Don't Ask, Don't Tell

09/23/2010 09:33 am ET | Updated May 25, 2011
  • Madeleine M. Kunin First Female Governor of Vermont; Marsh Scholar, University of Vermont

The Senate vote against the repeal of "don't ask, don't tell," was more than a repudiation of equal rights for our gay and lesbian citizens; it was downright unpatriotic.

I know we in Vermont have high expectations on this subject, having been the first state to create civil unions ten years ago and more recently, we were the first state to give legislative approval to legalize gay marriage, even over-riding a Governor's veto. Since then, the majority of Americans have come a long way. Vermont is no longer alone. Polls indicate that 57% of Americans believe that gays and lesbians should be allowed to serve openly in the military.

Still, why not let people serve their country when they are eager and qualified to do so? The argument that allowing these men and women to be open about their sexual identity might weaken our military strength does not stand up under scrutiny. Rather, the opposite argument is more credible--we are losing thousands of talented people with special skills, like translators, which undercut our military capability. Besides, when have lying and secrecy been highly regarded values in this country? That is exactly what we force these gay men and women to do in order to retain their right to serve under"don't ask don't tell."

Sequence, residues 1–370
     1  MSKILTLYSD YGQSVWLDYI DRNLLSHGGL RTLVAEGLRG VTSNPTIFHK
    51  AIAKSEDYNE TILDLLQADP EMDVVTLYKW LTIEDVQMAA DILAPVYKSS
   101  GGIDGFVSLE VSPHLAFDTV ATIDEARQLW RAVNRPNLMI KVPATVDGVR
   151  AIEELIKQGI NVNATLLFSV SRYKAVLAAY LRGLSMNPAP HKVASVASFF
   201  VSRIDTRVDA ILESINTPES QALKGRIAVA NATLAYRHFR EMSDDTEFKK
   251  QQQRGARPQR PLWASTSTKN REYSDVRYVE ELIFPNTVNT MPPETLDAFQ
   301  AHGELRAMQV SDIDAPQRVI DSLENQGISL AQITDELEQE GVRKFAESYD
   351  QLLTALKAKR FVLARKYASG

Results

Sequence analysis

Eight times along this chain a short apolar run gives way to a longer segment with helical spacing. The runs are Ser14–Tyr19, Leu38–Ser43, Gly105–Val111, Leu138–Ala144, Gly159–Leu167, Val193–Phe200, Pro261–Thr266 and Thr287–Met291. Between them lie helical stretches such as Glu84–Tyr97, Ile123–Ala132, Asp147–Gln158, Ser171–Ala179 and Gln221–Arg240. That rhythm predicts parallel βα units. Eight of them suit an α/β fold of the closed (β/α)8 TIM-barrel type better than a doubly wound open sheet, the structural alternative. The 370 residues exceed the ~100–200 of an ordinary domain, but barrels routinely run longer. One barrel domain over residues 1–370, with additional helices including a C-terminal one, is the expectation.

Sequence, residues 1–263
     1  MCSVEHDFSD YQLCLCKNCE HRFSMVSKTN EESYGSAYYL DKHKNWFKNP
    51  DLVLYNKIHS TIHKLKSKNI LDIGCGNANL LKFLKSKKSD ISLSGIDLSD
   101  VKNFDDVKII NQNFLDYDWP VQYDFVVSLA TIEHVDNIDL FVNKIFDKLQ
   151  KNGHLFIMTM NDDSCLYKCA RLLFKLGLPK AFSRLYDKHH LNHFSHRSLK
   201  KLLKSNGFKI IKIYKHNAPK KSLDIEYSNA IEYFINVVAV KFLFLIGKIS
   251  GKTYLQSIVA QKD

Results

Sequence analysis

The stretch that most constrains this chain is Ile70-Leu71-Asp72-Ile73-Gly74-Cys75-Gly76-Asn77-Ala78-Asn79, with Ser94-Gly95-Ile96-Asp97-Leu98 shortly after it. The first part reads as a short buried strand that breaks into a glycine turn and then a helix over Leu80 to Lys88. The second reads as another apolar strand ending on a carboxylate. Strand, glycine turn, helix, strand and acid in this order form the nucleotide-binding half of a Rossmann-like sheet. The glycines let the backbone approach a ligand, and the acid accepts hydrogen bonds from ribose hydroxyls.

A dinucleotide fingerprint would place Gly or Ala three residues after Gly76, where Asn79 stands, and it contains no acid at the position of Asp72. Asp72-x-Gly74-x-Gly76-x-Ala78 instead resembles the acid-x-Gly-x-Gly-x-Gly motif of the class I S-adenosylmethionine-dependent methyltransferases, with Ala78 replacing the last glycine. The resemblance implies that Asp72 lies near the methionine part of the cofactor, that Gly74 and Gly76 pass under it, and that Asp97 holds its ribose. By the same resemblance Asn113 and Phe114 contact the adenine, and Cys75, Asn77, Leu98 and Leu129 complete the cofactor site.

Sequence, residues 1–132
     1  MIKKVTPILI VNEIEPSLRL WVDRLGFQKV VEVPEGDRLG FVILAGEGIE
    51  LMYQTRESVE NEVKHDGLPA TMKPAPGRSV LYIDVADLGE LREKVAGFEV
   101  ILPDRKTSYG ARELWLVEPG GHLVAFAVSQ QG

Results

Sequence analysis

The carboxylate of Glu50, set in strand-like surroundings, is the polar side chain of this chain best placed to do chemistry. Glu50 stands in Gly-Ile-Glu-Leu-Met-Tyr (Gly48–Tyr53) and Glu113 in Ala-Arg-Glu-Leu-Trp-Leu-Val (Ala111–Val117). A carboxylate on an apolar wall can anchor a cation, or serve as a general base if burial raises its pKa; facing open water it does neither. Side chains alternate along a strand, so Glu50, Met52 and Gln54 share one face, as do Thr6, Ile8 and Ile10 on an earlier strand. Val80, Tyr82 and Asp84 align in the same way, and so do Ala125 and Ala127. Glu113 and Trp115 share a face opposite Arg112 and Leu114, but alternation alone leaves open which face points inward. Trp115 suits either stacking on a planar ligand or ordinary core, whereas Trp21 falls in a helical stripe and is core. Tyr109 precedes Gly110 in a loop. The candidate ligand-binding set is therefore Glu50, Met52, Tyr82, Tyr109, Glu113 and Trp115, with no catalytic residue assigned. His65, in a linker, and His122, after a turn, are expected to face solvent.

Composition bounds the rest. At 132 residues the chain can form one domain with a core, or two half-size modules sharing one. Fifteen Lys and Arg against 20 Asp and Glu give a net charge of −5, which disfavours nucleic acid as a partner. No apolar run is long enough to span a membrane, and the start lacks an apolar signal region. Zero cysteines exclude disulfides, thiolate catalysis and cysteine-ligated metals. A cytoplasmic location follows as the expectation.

It's hard to take seriously the claim that military preparedness would suffer if "don't ask, don't tell" were repealed when both Secretary of Defense Gates and Chairman of the Join Chiefs of Staff, Admiral Mullen, have supported it.

Susan Collins, who voted for the repeal in Armed Services Committee, voted against the bill when it came to the Senate floor with an impassioned speech about procedure. It is difficult to accept that excuse when no Republican voted for the bill--once again falling into the lock step of Republican opposition to any Democratic or Obama initiative--regardless of the merits of the legislation. We've seen this video before.

Republicans and anti-gay groups can claim a short term victory by defeating this measure. It is a pyrrhic victory which will haunt Republicans when the light of history will shine on them. This is a defeat, not for Democrats, who will rally to this cause once again, but it is a defeat for what this country should stand for--to permit every citizen the equal right to serve his or her country without having to wear a virtual burka to cover their own identity.

That, to me, is un-American.

Madeleine M. Kunin is the former Governor of Vermont and was the state's first woman governor. She served as Ambassador to Switzerland for President Clinton, and was on the three-person panel that chose Al Gore to be Clinton's VP. She is the author of Pearls, Politics, and Power: How Women Can Win and Lead from Chelsea Green Publishing.